Impact: For the time being, this will skew a relatively small percentage of your organic data as you won’t know what keyword search led them to your site. Reports have come out that this may impact between 7% and 14% of your keyword traffic and that number may increase over time. However, this change will not affect AdWords (PPC), so you will continue to see accurate reports on keyword search data.
What this signals to me is that Google is more interested in providing you data that is geared toward their monetized endeavors (Display Ads, Content Network, PPC) as opposed to the “free” or organic results. I expect this trend to continue where Google will increase our access to data supporting paid efforts (Mobile Ads) while increasing the difficulty of tracking or even seeing organic efforts (More Paid Ads).

“Fresher Results”

New Development: On November 3rd, Google announced a change to their algorithm and likened it to our preference for “warm cookies right out of the oven.” Google infers that we prefer our food fresh, and while this strongly ignores my love for day-old, cold pizza, they went ahead and made the algorithm change anyway. In short, Google has come to understand that we use the web these days not only to locate goods or places, but to stay informed on breaking news.


They use the example that most people searching for the Olympics are probably looking for the run-down on 2012 in London, not the first Olympics or their origins. Google predicts that this will impact 35% of searches and will aid in delivering the up-to-the-minute news we apparently crave.
Impact: This change along with recent updates to Local Search results are having a dramatic impact on what we see seconds after entering a keyword search. Results above the fold (those you don’t have to scroll down to see) are frequently featuring paid results, local business results (Places Pages), and now recent results, which may include pieces from social media channels and news organizations.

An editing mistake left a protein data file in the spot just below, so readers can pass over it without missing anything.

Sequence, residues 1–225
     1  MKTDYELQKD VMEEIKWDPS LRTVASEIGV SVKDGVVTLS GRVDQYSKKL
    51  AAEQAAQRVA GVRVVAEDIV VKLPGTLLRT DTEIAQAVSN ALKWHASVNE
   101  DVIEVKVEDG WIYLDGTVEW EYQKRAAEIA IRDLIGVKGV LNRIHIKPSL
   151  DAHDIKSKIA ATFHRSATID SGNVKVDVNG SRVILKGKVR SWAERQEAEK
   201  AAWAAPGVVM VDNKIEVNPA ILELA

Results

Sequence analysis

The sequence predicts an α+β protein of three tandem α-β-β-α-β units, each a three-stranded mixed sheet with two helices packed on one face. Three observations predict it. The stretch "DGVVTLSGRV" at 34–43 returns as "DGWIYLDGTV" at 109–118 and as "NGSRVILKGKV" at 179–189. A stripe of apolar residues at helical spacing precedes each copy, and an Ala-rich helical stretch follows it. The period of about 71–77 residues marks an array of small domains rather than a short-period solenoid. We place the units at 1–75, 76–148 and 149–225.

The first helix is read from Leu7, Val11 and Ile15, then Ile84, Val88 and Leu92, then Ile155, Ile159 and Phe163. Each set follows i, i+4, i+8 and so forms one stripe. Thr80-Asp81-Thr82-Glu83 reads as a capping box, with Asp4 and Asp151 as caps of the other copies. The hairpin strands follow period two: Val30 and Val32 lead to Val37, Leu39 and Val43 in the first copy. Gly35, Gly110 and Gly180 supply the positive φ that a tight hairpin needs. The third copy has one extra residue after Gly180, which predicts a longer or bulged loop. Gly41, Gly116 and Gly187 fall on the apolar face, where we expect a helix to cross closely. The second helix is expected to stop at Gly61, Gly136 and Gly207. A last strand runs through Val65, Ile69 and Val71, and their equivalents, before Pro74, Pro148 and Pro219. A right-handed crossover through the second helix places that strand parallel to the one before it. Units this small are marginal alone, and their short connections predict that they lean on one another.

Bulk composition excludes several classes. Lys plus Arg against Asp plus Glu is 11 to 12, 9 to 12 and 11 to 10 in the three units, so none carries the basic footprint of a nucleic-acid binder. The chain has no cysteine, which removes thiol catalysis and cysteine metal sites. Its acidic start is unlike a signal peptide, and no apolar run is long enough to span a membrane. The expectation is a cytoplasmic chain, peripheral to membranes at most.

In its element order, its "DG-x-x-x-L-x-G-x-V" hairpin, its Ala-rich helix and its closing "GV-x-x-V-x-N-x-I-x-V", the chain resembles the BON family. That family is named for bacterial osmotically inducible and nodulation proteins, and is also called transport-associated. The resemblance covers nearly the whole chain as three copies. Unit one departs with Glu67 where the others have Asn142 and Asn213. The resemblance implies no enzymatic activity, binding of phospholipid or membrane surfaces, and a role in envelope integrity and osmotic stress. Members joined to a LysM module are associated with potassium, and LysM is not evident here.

With Places currently being offered for free, we still have “organic” results at the top. However, Google had once monetized these profiles with the now defunct Tags and I would not be surprised to see the new Places go the same route. Google has been working hard on their own social network (Google+) and many are seeing the monetization markups on the wall. If we continue to see these trends, we may soon live in an era where those results above the fold are predominantly paid results.


Google is a public company with billions of dollars and millions of daily users. Through the years, they have continued to innovate with hardware, television outlets, social networks, etc. But what they always come back to is their bread and butter: search. As their other business ventures have been met with fierce competition, government investigation, and sometimes utter failure (Google Buzz, anyone?), they have to understand the value of search which started it all. Based on the changes we’ve discussed and their interest in growing profits, don’t be surprised to see their paid services increase in familiarity, exposure, and use.
Posted by drew on Tue, 11-15-2011 at 08:50 am to Google
Story posted in Best Rank
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September 18, 2011 by Mark Lauzon

Welcome to the new San Diego Webworks blog

San Diego web designer, developer and Web marketing by San Diego webworks

Full-Service web design, development and marketing to companies in San Diego and around the world

San Diego Webworks is a professional web design company based in Southern, California. Our award winning web designers specialize in best-in-class custom web site design, website development, flash multimedia, corporate identity, and SEO Services.

We have launched many successful projects for clients such as DELL, Sears, MADD, San Diego State University, Meadsdurket Advertising, Memec, Websense, Kintera, La Mesa RV, ESET, Spartan, HK Plastics, and many others. We have appeared in the news, The View and many publications such as The New York Times, Union Tribune, Seattle Times, and information Magazine.

San Diego Webworks integrated business-driven approach separates us from typical web design companies. Top designers, big-picture thinking, personal attention, competitive prices, and real world results – Give us a call to learn more about us.